How could a galaxy become shaped like a ring? The rim of the blue galaxy pictured on the right is an immense ring-like structure 150,000 light years in diameter composed of newly formed, extremely bright, massive stars. That galaxy, AM 0644-741, is known as a ring galaxy and was caused by an immense galaxy collision. When galaxies collide, they pass through each other -- their individual stars rarely come into contact. The ring-like shape is the result of the gravitational disruption caused by an entire small intruder galaxy passing through a large one. When this happens, interstellar gas and dust become condensed, causing a wave of star formation to move out from the impact point like a ripple across the surface of a pond. The intruder galaxy has since moved out of the frame taken by the Hubble Space Telescope and released to commemorate last Saturday's fourteenth anniversary of Hubble's launch. Ring galaxy AM 0644-741 lies about 300 million light years away.

Comet Bradfield Rising

Comet Bradfield has become quite a sight just before sunrise -- for those with binoculars or cameras. Although fading noticeably each day, a sky chart, a northern location, and some persistence will allow curious sky gazers to locate the cosmic snowball and its spectacular tail. One might call Bradfield a "camera" comet as its extended tail is too long for most telescopes but caught nicely by normal cameras capable of long exposures and set to rotate with the sky. Pictured above just yesterday, Comet C/2004 F4 (Bradfield) was caught as it rose on successive three-minute exposures above the Rocky Mountains near Yampa, Colorado, USA. Visible on the upper left as a bright fuzzy smudge is the Andromeda Galaxy (M31), far in the distance. Comet Bradfield was discovered only last month and was briefly visible to the unaided eye. It was imaged in spectacular fashion by the SOHO spacecraft as it rounded the Sun early last week.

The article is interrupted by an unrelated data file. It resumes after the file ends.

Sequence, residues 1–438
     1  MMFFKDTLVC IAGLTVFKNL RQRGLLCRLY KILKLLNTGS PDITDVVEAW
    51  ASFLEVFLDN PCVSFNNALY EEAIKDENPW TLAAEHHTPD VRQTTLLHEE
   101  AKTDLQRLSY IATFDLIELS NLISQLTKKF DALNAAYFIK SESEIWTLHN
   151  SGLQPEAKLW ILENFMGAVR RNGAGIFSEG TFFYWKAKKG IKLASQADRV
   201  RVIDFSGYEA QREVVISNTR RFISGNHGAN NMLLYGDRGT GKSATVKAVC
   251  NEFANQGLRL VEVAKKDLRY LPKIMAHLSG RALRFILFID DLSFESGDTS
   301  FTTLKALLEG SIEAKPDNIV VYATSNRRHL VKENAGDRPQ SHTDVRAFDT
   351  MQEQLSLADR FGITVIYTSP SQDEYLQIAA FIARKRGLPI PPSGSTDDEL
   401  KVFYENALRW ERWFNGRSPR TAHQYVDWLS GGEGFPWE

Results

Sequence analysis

The Smooth Spheres of Gravity Probe B